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Tribune Media files suit, terminates Sinclair tie-up deal

Tribune Media files suit, terminates Sinclair tie-up deal

Not only is it pulling out of the deal, but Tribune is suing Sinclair, arguing Sinclair's negotiations with the US Justice Department and FCC were "unnecessarily aggressive". Sinclair already own 39% of the TV stations in the United States, and this would have raised that to 42%.

'In light of the FCC's unanimous decision, referring the issue of Sinclair's conduct for a hearing before an administrative law judge, our merger can not be completed within an acceptable time frame, if ever, ' said Tribune Media Chief Executive Officer Peter Kern.

Sinclair Broadcast Group Inc. wanted the Chicago company's 42 TV stations and had agreed to dump nearly two dozen of its own to score approval by the Federal Communications Commission.

According to Tribune, Sinclair's entire course of conduct has been in blatant violation of the merger agreement and without Sinclair's actions the transaction could have closed long ago. "Instead, Sinclair fought, threatened, insulted, and misled regulators in a misguided and ultimately unsuccessful attempt to retain control over stations that it was obligated to sell". In addition, Tribune said, Sinclair outright refused to sell station in some markets.

In the lawsuit filed Thursday in Delaware Chancery Court, Tribune Media alleges Sinclair breached its contractual obligations "in spectacular fashion" in a bid to maintain control of WGN-TV and other stations. Its portfolio of 42 local TV stations as well as assets such as the WGN America cable network, were viewed as attractive and will likely remain so given the company's consistent financial performance of late.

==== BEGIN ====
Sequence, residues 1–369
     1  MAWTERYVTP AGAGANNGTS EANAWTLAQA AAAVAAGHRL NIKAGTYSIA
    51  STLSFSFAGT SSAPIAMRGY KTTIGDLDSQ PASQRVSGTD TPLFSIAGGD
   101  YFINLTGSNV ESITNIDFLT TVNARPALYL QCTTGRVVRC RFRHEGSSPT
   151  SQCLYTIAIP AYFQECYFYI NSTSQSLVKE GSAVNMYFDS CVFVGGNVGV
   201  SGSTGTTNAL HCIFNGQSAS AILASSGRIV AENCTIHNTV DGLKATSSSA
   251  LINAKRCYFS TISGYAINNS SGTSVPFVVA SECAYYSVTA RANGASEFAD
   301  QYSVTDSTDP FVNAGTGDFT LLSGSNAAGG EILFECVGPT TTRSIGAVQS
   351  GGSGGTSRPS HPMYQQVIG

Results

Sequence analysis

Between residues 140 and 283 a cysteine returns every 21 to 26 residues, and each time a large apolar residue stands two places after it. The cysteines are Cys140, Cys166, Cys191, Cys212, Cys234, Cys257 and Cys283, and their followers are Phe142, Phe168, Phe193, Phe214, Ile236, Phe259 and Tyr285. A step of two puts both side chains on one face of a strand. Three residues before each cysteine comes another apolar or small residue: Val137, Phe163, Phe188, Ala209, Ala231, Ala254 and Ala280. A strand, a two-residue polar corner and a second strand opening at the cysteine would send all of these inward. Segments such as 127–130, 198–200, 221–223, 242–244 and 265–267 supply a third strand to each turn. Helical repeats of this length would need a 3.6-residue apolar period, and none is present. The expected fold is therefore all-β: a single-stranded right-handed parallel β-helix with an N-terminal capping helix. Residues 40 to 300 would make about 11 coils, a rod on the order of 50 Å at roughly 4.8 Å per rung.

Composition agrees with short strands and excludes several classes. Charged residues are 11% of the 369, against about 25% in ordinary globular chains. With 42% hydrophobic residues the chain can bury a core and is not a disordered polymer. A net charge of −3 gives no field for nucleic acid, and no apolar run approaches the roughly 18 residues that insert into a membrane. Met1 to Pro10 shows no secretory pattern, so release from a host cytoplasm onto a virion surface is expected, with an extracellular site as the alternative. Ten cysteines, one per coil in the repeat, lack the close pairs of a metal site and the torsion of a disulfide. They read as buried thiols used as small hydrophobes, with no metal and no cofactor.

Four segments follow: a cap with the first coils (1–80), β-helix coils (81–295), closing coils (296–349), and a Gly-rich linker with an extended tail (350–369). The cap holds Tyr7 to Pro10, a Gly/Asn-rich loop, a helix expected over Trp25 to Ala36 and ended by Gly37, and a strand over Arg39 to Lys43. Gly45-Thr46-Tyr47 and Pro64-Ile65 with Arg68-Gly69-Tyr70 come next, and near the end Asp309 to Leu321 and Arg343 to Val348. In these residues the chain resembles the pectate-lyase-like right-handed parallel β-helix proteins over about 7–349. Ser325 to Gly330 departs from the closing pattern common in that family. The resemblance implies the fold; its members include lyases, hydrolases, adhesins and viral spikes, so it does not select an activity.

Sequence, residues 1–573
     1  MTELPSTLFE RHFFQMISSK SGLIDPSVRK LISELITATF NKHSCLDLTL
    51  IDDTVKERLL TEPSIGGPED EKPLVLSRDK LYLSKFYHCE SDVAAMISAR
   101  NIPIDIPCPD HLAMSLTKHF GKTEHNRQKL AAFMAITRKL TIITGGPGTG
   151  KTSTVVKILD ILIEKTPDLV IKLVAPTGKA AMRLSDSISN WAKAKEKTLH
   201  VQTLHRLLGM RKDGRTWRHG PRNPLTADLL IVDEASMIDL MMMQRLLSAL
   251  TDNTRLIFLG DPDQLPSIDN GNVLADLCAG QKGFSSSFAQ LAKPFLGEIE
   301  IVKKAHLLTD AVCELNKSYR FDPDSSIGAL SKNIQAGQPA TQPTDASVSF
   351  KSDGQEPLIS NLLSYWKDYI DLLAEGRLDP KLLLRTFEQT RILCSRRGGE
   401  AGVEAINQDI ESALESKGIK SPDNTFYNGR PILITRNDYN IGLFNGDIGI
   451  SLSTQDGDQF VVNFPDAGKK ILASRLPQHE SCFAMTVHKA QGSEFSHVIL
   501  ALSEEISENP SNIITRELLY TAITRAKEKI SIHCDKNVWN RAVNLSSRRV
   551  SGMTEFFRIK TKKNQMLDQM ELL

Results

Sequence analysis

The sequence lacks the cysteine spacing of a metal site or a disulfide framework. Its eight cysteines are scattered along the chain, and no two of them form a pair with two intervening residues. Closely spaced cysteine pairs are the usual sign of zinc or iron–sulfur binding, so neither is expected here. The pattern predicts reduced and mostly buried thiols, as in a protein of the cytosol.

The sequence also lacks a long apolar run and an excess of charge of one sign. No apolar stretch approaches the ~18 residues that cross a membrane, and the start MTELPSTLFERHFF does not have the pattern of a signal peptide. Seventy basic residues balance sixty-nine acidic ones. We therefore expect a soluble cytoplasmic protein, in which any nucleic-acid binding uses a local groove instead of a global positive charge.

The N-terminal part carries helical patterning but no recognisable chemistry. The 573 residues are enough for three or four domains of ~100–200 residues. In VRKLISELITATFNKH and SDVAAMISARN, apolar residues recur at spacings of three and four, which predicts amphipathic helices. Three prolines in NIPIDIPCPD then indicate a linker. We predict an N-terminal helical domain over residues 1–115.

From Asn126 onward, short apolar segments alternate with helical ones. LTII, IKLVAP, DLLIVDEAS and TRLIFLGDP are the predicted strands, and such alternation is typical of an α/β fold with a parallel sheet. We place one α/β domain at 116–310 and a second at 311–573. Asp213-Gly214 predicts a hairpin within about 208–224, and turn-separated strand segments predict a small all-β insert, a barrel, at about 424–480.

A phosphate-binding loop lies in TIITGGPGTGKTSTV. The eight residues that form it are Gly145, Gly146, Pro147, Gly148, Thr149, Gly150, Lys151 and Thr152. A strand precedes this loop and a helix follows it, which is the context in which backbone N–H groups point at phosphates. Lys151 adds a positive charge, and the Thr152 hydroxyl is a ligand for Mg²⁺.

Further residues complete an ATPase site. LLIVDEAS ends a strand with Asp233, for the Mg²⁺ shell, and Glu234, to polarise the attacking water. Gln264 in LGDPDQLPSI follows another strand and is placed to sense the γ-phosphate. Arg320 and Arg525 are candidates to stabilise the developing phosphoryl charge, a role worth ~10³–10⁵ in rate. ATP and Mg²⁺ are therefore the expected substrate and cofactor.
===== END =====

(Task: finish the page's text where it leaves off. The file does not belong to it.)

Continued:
Analysts expect Tribune to seek another buyer.

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Under the terms of the deal, Tribune and Sinclair had the right to call off the merger without paying a termination fee if it was not completed by August 8.

Sinclair did not immediately respond to requests for comment. The Tribune deal, plus other pending acquisitions, will give Sinclair a total of 233 TV stations. Complicating matters is that Pai is under investigation for relaxing FCC rules to allow groups like Sinclair to add more stations.

The backstory: The deal was thought to be a sure thing, but the FCC threw a wrench into it after Chairman Ajit Pai, who is favorable to industry consolidation, raised questions about the validity of some of the deal terms provided to the commission by Sinclair.

In a surprise move in July, however, Pai said he had "serious concerns" and suggested Sinclair was trying to hide anticompetitive practices in its proposed purchase and divestiture of certain stations.

It was admonished by media watchdogs in April after dozens of Sinclair news anchors read an identical script expressing concern about "one-sided news stories plaguing the country".